If you are a lung cancer patient or survivor who is getting periodic scans, you are guaranteed to have news from time to time. How do you share the news? Who do you share it with? What about bad news versus good news - does that affect how you share your scan results and other news?
As a person who is active on social media, I’ve discovered that I need a news dissemination policy that I hold to whether the news is good or bad. My tendency would be to walk out of the doctor’s office, bring Facebook up on my phone, and blurt out what I just learned. That tends to hurt the feelings of my family and closest friends, however, who prefer that I tell them first before I tell the world. They don’t want to hear my news second hand on Facebook or from someone else, they want to hear from me. This is an easy preference to accommodate; the world is not going to crawl to a stop if that Facebook post waits a day or two until after I’ve made my phone calls.
Parents, siblings, and a few of my closest friends are told by telephone, as soon as possible after I have concluded my consultation. These people who know me so well need to hear my voice, so that they can judge how I am feeling and better offer comfort if it is needed that day. We drive past the city where my mother lives on our way home from Roswell, and when the news has been not so good, we will stop by Mom’s to share a cup of tea and talk with her face-to-face. As a mom myself, I can put myself in her shoes and understand that her emotional connection to me is deep.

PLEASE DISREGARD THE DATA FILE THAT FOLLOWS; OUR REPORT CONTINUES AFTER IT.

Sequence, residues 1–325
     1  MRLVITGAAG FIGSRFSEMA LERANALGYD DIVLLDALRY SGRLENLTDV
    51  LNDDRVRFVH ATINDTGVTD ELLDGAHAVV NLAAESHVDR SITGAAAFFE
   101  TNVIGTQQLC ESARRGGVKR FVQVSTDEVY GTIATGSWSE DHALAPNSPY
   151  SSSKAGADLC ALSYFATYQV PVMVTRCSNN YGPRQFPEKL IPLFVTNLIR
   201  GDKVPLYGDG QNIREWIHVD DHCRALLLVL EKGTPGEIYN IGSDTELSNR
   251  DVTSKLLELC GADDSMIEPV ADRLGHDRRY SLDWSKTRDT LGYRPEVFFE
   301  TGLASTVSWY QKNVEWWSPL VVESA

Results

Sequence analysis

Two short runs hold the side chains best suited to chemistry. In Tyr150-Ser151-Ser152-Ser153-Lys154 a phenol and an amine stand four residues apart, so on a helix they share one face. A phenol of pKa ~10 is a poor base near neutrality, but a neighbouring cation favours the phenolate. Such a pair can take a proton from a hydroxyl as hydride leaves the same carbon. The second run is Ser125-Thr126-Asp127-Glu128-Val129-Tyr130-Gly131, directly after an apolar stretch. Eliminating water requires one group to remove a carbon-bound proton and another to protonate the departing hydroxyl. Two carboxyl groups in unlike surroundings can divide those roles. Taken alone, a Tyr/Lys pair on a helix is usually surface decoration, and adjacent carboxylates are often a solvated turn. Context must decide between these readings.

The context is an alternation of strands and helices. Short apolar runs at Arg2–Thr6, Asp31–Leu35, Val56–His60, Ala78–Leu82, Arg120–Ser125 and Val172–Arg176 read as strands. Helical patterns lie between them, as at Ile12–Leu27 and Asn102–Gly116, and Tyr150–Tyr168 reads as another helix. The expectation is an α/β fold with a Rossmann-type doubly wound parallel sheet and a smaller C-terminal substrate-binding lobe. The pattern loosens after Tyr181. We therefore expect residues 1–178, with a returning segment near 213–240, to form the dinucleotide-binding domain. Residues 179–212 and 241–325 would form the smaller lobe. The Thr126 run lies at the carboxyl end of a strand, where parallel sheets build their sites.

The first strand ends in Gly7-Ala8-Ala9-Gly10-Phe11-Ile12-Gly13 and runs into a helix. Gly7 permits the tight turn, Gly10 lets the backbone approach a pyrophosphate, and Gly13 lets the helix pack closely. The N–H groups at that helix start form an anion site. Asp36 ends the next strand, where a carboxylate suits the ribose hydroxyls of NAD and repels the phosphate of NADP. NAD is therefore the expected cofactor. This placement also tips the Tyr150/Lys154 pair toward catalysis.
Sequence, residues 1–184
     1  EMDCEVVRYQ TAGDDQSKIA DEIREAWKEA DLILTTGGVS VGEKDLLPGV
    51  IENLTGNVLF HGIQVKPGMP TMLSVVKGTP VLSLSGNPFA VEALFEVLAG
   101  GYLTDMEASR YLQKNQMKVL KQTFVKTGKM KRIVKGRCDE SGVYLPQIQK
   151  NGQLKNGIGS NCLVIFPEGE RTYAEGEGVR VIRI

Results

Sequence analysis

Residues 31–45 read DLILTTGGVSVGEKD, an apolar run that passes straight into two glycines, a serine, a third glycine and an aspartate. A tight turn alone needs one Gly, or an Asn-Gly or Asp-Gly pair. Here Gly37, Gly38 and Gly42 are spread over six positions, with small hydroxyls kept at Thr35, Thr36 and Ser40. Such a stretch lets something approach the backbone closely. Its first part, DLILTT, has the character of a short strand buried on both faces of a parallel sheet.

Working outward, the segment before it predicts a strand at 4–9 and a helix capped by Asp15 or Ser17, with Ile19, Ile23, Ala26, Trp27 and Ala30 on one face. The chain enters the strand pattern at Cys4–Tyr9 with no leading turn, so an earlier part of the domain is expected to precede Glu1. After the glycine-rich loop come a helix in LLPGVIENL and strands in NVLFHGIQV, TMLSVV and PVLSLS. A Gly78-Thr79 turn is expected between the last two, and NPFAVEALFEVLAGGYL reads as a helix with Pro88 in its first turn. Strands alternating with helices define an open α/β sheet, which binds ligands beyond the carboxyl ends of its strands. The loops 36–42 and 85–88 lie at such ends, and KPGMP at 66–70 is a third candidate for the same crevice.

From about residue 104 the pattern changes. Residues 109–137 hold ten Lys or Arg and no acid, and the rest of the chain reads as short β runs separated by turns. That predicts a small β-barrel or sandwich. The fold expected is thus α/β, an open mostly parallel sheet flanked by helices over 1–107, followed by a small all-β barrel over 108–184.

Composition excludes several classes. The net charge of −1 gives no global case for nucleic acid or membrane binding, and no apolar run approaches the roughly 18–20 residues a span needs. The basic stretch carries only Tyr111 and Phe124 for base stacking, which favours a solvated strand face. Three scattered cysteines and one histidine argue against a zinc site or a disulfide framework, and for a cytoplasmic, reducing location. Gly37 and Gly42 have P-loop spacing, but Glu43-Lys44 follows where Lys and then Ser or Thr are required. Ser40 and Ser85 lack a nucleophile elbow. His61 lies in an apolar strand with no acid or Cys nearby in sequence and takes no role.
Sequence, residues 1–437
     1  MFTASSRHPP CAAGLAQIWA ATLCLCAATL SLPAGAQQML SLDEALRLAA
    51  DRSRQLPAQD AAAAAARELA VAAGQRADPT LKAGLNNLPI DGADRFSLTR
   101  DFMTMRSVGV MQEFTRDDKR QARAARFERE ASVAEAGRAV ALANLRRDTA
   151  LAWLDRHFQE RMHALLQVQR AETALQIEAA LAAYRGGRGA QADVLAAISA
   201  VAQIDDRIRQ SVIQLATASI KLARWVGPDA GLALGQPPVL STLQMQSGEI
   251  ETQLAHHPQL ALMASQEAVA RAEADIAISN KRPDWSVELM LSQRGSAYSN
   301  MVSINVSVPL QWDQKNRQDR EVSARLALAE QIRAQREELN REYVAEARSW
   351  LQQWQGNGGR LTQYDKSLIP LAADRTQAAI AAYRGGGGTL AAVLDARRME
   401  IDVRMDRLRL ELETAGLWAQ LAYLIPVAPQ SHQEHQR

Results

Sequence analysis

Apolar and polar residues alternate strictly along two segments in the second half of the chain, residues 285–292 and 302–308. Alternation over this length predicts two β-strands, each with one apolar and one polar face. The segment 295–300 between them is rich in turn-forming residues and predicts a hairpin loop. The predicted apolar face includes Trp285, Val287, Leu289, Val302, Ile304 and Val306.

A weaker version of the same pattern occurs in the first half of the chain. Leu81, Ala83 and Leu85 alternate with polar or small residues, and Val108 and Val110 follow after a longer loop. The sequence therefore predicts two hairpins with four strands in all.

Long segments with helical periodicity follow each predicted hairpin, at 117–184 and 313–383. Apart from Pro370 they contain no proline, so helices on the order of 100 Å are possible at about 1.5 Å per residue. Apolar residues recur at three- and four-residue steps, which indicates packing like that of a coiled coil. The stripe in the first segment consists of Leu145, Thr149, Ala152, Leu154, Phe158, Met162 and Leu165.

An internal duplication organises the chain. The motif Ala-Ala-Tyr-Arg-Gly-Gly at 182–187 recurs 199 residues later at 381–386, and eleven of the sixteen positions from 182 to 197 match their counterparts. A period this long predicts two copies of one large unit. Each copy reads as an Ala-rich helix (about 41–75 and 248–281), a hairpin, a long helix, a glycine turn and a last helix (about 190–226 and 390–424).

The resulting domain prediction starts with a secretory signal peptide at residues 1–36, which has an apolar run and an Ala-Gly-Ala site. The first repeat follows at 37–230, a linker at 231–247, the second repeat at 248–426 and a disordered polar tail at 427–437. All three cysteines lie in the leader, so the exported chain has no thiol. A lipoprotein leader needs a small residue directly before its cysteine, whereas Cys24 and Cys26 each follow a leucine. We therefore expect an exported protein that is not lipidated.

I tell my kids by text and instant message, because that’s how they roll. My daughter and I have communicated primarily by instant message for a decade now, and we can accurately judge emotional tone from our messages to each other. Plus they are both at work but still want the news as soon as possible, and texts are the least intrusive way to let them know.
After family and close friends know, my next post is to Facebook. After that one, I post to a few selected patient support sites, including this one. On the support sites, my experiences become part of the accumulated knowledge of many lung cancer patients and survivors, one more data point helping those who are on the same treatment that I am on and those who will follow me. I have learned so much from other people’s experiences, sharing mine are a way to say “thank you” to our generous lung cancer support community.
Perhaps the biggest lesson I have learned as I’ve reported my medical news through the ups and downs of my treatments is that my family, friends, and social media readers want to hear a glimmer of hope from me as deeply as I want to hear hope in my doctor’s words. Even when I have been unhappy about the news I must report, making those phone calls is my first step toward putting new developments into perspective. I’m not only putting the best face possible on whatever I have just learned about my illness, I’m also gathering my strength for the changes that lie ahead.
How do you share news with your loved ones? Do you also find yourself trying to find the glimmer of hope that they need as badly as you do?
Photo credit: Pixabay picture by manseok, CC0 Public Domain